by Leonard Gontarek
featured on Life As Activism
Walt Whitman With Light On A Lake
The United States themselves are essentially the greatest poem.
The land and the sea, the animals fishes and birds, the sky of heaven and
the orbs, the forests mountains and rivers, are not small themes … but
folks expect of the poet to indicate more than the beauty and dignity which
always attach to dumb real objects … they expect the poet to indicate the
path between reality and their souls. Men and women perceive the beauty
well enough … probably as well as the poet. You shall ratchet up the moon.
You shall see the maples hold daughters and snow and redstarts and snow
beginning. You shall have secrets to give away. You shall investigate if there is a field.
Lo, come toy with my heart, toy with my heart, why don’t you, friend?
Lo, the wind is rifling through my pockets, when it is done riffling through the leaves.
Love the earth and sun and the animals, give alms to everyone that asks,
stand up for the stupid and crazy, hate tyrants,
argue not concerning God, have patience and indulgence toward the people, take off your hat to nothing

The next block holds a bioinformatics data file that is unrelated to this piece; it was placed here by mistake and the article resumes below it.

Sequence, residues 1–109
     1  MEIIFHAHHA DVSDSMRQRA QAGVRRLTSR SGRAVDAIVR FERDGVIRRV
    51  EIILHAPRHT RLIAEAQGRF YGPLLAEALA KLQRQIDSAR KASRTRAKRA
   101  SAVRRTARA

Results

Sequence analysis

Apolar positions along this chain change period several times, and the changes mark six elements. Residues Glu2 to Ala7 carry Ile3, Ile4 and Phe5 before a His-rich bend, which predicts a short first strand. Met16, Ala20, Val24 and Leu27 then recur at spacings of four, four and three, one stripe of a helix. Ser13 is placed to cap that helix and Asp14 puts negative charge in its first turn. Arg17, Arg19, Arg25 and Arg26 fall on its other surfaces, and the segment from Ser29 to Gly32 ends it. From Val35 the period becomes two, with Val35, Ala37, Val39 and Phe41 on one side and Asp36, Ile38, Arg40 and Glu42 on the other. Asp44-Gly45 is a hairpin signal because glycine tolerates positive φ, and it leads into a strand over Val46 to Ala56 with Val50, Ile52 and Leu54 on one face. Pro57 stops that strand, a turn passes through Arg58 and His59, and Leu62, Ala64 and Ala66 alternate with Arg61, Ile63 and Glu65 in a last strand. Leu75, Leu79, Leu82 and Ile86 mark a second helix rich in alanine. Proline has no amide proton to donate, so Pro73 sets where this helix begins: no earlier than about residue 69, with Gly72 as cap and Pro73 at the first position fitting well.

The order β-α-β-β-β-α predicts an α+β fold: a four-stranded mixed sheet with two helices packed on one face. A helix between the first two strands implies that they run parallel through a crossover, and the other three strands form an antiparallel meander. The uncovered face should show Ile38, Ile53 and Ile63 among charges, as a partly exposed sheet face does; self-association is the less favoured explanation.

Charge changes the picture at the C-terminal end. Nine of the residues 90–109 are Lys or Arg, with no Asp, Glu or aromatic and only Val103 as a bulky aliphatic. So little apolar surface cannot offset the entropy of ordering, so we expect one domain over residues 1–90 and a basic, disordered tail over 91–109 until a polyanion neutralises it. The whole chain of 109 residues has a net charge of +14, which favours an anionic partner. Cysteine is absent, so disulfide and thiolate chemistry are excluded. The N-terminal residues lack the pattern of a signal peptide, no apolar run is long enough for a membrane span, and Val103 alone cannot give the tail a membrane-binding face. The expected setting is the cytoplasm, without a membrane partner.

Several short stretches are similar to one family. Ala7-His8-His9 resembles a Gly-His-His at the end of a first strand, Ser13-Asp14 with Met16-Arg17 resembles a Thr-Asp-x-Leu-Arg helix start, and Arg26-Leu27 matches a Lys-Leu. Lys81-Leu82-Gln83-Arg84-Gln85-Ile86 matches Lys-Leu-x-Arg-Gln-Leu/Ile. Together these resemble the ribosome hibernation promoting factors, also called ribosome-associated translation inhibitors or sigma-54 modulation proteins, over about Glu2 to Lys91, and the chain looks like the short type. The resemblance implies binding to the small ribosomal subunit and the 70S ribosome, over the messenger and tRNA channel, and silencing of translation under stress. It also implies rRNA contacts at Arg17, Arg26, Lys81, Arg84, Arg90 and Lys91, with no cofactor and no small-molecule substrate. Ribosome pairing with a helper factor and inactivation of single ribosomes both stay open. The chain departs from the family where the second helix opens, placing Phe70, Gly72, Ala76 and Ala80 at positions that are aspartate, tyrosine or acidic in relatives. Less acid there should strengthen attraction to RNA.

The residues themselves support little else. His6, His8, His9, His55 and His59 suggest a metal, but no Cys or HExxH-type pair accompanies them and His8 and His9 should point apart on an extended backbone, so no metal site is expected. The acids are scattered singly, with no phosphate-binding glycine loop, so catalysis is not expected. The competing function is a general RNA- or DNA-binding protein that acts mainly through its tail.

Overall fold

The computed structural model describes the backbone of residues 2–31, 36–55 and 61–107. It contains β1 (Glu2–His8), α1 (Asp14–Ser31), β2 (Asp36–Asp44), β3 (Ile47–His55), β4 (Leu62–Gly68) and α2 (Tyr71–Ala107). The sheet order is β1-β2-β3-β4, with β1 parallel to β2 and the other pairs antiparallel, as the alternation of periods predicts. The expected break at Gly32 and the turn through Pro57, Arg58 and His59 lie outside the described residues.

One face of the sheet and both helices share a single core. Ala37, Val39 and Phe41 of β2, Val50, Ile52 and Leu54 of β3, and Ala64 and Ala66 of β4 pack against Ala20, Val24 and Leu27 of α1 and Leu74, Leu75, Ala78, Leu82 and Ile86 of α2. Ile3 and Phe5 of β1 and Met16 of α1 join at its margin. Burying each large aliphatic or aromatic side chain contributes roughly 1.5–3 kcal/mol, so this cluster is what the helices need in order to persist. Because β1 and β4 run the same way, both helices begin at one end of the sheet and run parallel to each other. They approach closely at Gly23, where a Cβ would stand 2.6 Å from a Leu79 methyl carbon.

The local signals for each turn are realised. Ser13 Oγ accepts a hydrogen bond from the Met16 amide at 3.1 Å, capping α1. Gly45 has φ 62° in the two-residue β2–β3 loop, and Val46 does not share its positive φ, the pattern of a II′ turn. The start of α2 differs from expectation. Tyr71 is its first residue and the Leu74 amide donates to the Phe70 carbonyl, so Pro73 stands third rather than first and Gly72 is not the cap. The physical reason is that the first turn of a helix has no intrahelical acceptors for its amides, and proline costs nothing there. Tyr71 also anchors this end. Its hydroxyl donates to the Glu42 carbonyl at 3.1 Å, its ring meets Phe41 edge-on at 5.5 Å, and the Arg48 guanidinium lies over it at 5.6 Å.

known or unknown or to any man or number of men … dismiss whatever insults your own soul,
and your very flesh shall be a great poem and have the richest fluency not only in its words but in
the silent lines of its lips and face and between the lashes of your eyes and in every motion and joint
of your body. You shall possess the little monsters and mothers of the twilight who skim the night
and sip. You will make the moon a symbol of subtlety. It’s too hard living, but I am afraid to die,
you shall say. You shall possess the last night of summer, late on the lake.
The political poem reminds me
how much we are lost.
It underscores that
we are out of power.
I have not only lost out
to another man,
but he and my ex live nearby
and I have to see them daily.
The political poem makes me
want to spend nights
in the perfume of opium.
I want to listen to Desolation Row
over and over
over and over.
Hillary Clinton and Leonard Cohen died
and John Kennedy was assassinated.
It was summer on a Saturday.
By Sunday we began the sentence
of winter. Wind rattled
the metal branches. Birds
circled above the yard
and dead flowers as day
The child was not done playing president.
Leonard Gontarek is the author of six books of poems, including Take Your Hand Out of My Pocket and He Looked Beyond My Faults and Saw My Needs. He coordinates Peace/Works, Philly Poetry Day and the Philadelphia Poetry Festival, and hosts the Green Line Reading & Interview Series. He has received Poetry fellowships from the Pennsylvania Council on the Arts, the Philadelphia Writers Conference Community Service Award, and was a Literary Death Match Champion. His poem, “37 Photos From The Bridge” was a Poetry winner for the Big Bridges MotionPoems project.
Image credit: Michael Mikey